Celebrating Idul Adha around Indonesia

This year the Muslim holiday Idul Adha, or Eid al-Adha, marked one of the first cultural experiences for Fulbright English Teaching Assistants (ETAs) at their host sites. The holiday marks the peak of hajj season and a celebration of the prophet Ibrahim’s willingness to sacrifice his son Ishmael for God.  Many Fulbright ETAs placed in Muslim areas were invited to join their new communities for prayers and the large group sacrifice of cattle and goats that followed.

One ETA, Gillian Irwin, reflects, “Idul Adha, is very much about the slaughtering of animals—something I  didn’t think I wanted to see because I usually joke that I prefer my meat in the form that looks least like the originating animal.  But much more than a bloody event, it’s a time for the hard work of the community to produce something respectful for the animal, pleasing to God, helpful for the poor, and nourishing for the religious and social community that participates: and it’s a beautiful thing.”

ETAs across Indonesia reiterate these different levels of meaning and share their experiences below.

WARNING: The images below are graphic in nature and contain images of blood and slaughtered animal carcasses.


“On the morning of Idul Adha, I accompanied my fellow teacher and the women in her family to a field beside the largest mosque in Sukabumi. There, I witnessed hundreds of men and women share in the Idul Adha prayer. It was a powerful experience to feel the communal spirituality of so many on the special day.”
– Elizabeth Kennedy in Sukabumi, West Java


“The men listen on as the prayers are read over loudspeaker just before the bull’s throat is cut. The knife can be seen in the man’s hand on the left side of the picture. When the cut was made, I witnessed the reality that this animal had to suffer so that other’s may eat and survive. It was a site that every carnivore should witness.”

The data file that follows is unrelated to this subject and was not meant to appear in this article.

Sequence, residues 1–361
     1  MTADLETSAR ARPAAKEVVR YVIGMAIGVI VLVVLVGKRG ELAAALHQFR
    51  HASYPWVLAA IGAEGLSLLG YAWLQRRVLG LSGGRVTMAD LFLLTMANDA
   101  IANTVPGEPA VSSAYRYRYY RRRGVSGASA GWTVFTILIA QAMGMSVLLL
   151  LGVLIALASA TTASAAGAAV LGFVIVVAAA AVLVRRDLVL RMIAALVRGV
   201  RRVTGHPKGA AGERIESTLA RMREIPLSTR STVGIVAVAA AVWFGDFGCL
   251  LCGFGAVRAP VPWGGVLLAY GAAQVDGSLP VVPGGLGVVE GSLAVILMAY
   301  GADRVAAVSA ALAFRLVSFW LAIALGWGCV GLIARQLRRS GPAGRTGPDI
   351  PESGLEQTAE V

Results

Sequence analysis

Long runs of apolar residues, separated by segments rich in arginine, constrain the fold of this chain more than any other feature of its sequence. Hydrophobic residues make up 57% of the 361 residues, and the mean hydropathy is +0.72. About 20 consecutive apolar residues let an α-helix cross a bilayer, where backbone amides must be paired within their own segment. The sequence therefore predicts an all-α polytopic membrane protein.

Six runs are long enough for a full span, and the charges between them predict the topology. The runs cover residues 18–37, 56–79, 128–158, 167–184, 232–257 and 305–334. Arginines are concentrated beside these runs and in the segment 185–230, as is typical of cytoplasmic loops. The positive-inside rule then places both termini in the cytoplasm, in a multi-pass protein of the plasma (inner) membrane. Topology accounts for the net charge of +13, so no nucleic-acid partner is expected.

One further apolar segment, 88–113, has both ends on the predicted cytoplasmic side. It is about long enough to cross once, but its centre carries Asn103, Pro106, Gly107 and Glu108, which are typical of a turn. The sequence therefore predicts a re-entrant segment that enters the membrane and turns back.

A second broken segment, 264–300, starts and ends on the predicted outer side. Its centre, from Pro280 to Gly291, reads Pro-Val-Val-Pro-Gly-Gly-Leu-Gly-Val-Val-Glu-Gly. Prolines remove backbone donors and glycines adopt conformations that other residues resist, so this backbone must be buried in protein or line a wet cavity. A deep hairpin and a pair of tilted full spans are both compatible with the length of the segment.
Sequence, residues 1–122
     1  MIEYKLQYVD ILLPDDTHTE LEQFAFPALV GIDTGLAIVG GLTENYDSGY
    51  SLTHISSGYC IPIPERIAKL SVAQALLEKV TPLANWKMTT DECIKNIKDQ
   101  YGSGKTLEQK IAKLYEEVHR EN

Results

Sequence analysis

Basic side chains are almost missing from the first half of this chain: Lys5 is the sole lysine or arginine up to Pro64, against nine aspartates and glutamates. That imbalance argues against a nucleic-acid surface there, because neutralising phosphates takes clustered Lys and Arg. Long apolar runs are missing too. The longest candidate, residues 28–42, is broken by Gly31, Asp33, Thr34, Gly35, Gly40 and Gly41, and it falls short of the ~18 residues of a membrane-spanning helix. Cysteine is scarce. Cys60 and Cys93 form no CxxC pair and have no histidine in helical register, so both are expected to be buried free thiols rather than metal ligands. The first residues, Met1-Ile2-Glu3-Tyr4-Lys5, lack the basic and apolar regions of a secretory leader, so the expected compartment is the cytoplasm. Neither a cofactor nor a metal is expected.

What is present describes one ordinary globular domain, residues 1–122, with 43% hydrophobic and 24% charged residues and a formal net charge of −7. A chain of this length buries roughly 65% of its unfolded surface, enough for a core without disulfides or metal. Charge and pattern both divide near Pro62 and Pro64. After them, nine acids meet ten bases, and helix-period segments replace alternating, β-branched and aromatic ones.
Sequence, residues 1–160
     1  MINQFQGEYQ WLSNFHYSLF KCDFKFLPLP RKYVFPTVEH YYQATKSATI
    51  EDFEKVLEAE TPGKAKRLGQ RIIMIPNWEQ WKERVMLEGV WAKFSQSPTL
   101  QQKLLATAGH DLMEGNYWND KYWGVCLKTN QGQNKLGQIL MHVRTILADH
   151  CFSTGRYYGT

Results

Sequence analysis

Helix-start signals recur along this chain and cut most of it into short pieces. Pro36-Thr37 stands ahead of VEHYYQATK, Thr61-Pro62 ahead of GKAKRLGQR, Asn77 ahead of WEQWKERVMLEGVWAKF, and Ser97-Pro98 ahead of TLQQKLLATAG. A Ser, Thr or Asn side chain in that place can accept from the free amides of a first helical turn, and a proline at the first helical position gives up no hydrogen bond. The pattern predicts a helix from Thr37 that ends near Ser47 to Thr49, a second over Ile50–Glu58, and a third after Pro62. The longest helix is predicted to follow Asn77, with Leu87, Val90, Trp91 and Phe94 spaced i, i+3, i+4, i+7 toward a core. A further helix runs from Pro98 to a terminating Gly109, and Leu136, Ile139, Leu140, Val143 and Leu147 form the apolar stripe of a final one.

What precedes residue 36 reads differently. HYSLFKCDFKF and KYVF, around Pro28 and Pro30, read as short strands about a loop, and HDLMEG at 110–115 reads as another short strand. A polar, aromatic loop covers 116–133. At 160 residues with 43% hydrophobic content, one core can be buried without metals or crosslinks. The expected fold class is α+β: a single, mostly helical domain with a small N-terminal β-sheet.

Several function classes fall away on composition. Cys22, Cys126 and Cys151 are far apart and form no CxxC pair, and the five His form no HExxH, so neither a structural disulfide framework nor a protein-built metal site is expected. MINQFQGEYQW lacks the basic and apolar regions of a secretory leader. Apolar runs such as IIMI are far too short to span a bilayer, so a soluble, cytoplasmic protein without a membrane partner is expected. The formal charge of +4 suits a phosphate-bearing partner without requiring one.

-Matthew Moynihan | Palembang, South Sumatra 

IMG_0514 copy“The general rule for sacrifices is seven people invest in one cow or one person per goat, but when it comes to the actual process of sacrificing everyone available helps, whether that means 20 people subduing the soon-to-be-sacrificed cow or the small army responsible for cutting and weighing the meat afterwards.”
-Anna DeVries | SMAN 8 Malang, East Java

cowgoatKR“In the morning, students and staff gathered in front of school to see the sacrifices of sheep, goats, and cows. Two men skin sheep, preparing them to be butchered. Behind, a cow bucks its head in protest, perhaps realizing that it will be next!”
-Katy Rennenkampf | SMK Analis Kimia Bogor, West Java

IMG_4876MB“Two men prepare the cow for distribution of meat.”
-Maxwell Bevilacqua | Pondok Pesantren Pabelan Magelang, Central Java

Organs, or the "kotoran"

“Nothing from the slaughter is wasted. The cow organs – including the stomach, the intestines, the heart, and the lungs – will be washed out and cleaned several times before being used in dishes such as usus (intestines stuffed with tofu).”
-Kelsey Figone | Medan, North Sumatera


“An important member of the community, my co-teacher Pak Heru helps to chop segments of bone for distribution to community members, families, and the poor from the surrounding area.”
-Gillian Irwin | Sleman, Central Java


“Two children and a student work together to weigh the meat into equal portions.”
-Amelia Murphy | MAN 2 in Semarang, Central Java


“A little boy at MAN 2 in Semarang, Central Java, helps slice the cow meat into many portions to give to the poor. One cow can feed 150 people.”
-Amelia Murphy | MAN 2 in Semarang, Central Java

For another reflection about Indonesia’s celebration of Idul Adha, read Anna Cabe’s account of her holiday festivities in Palembang, South Sumatera here.

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